In 2007 the Scandinavian candy company Fazer came under fire for using African pejoratives on the licorice candy Lakistri where Black persons are depicted in a racially offensive fashion. Fazer is known to use racial caricatures in its most notable Kina snacks featuring stereotypical Asian in style and color. (Dalston 2012) While Fazer removed offensive images in favor of more neutral shapes that still conveyed racial messages, there is one that remains in use with distinct racial connotations. This is Lakristi Pastilleja,
which are a sensationalized Finnish treat of flat small licorice circles stored in boxes that look like movie candy. This post will explore the Lakristi Pastiilleja brand in closer detail, and the harmful implications it has with connecting black persons with commercial commodities like licorice. A secondary ad in challenging and bringing a conscience to the current ad will be explored, in addition to the sociocultural histories behind racial stereotyping in candy advertisements.
The current Pastilleja ad contains a black background with grinning faces and red smiles. The other colors the ad features are yellow for the lettering and white for the facial features of wide eyes and mouths. Fazer first started packaging licorice and using black persons in advertisements in 1927. (Ron 2012) The Lakristi ad conveys playfulness with
gazes, but the poses and coloring have deeper constructs. Although color is not explicitly pinpointed as with the Likristi lemon ads, the black background does allude to African persons. The wide smiles can be pinpointed to earlier advertisements depicting African Americans with oversized heads and large eyes and lips associated with minstrels. (Robertson 2009, p.36) The other stereotype is the pickaninny frieze. (Merleaux 2015, p.126) Also the wide exaggerated smiles allude to American slavery where African captives were forced bear wide smiles. (Martin 2016)
The advertisement in response to the current Pastrilleja ad features Scandinavian caricature and the Lakristi candy itself. It challenges the previous ad through cultural symbolism and consumptive patterns. In this ad a young reindeer is depicted as licking
Lakristi drops falling from a tree. The young deer is depicted as innocent, and effortlessly but satiable in enjoying the product. The doe alludes to African children caricatured in earlier chocolate ads with the wide eyes and mouth. It also has the same naïve senses except instead of using vernacular English it wanders for food. (Robertson 2009, p.38) It symbolizes the addictive and thoughtless consumption in Finnish Scandinavian culture. The doe enjoys the candy at exorbitant rate, but doesn’t think of the source.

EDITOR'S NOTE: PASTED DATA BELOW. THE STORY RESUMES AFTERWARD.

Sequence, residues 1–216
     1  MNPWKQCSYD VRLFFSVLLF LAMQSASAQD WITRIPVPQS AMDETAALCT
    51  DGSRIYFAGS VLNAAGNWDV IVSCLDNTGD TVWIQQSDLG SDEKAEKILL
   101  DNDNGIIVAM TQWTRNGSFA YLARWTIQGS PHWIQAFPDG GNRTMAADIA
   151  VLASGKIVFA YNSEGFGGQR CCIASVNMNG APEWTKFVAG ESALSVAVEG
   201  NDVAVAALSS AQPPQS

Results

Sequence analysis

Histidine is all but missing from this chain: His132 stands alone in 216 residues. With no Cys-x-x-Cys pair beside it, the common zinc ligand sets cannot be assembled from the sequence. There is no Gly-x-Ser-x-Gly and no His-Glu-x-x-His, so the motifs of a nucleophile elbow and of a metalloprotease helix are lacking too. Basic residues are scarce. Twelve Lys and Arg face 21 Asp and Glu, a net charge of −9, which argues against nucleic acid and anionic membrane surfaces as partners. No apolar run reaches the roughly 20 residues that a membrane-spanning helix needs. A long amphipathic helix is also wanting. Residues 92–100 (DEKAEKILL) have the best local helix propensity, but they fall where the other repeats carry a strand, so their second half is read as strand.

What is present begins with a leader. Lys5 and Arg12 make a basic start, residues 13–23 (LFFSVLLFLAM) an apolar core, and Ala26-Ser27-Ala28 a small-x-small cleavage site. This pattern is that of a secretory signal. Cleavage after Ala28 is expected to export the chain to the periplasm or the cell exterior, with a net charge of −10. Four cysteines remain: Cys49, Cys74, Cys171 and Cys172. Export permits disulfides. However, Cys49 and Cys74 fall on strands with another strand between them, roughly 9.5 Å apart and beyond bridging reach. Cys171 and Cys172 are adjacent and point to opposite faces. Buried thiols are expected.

Placed in contact with each other Image 2 helps Image 1 in confronting its racial insensitivity with advertising. The new ad without using a person or a certain nationality uses an image to make Finnish persons confront themselves on racial sensitivity. This is opposite of historical candy ads that made images far from European likenesses with ‘harnessing differences. (Robertson 2009, p.40)’ The new ad also teaches the original Pastilleja ad that licorice does not have to be associated with a specific race specifically African, and all nationalities should be embraced as evidenced with the different color lettering, and the band on the doe which respects Finnish culture.
Examining racial undertones in the Lakristi ad, and the responding ad on national or conscious identity helps to understand the sociocultural contexts of racial stereotyping in advertising. The widened gazes in the original Pastrilleja ad allude to Conguitos chocolate advertisement where chocolate malted milk balls in Spanish commercials are depicted as primitive Congolese African warriors. (Martin 2016) The second ad depicting the small doe does have imagery constructs, but in a more dignified racially sensitive fashion that respects nationalities. Finally the candy touches on the less refined quality of sweets, and how that affects lower income populations children specifically. (Merleaux 2015, p.126) (Martyris 2015) The ads help to debunk racial stereotyping by making majority consumers see and confront themselves in the images.
Dalston. 2012. “Title.” dalstonliteraryreview, April 1, 2016. https://dalstonliteraryreview.wordpress.com/2012/02/07/crisis-in-scandalavia/.
Martin, Carla D. 2016. Sugar and Cacao.” Chocolate, Culture, and the Politics of Food. In AAAS E 119, edited by Harvard Extension School: Harvard Extension School.
Martyris, Nina. 2015. “Tainted Treats: Racism And The Rise Of Big Candy.” http://www.npr.org/sections/thesalt/2015/10/30/453210765/tainted-treats-racism-and-the-rise-of-big-candy.
Merleaux, April. 2015. “From Cane to Candy: the racial geography of new mass markets for candy in the 1920s.” In Sugar and civilization : American empire and the cultural politics of sweetness, 125-146. Chapel Hill: University of North Carolina Press.
Robertson, Emma. 2009. “‘A deep physical reason’: gender, race and the nation in chocolate consumption.” In Chocolate, women and Empire: a social and cultural history, 18-63. Manchester and New York: Manchester University Press.
Ron. 2012. “Title.” US Slave, April 1, 2016. http://usslave.blogspot.com/2012/03/finnish-candy-with-racist-twist.html.
Figure 3: self; deer doe image used from Disney Pixar’s Frozen coloring book 2015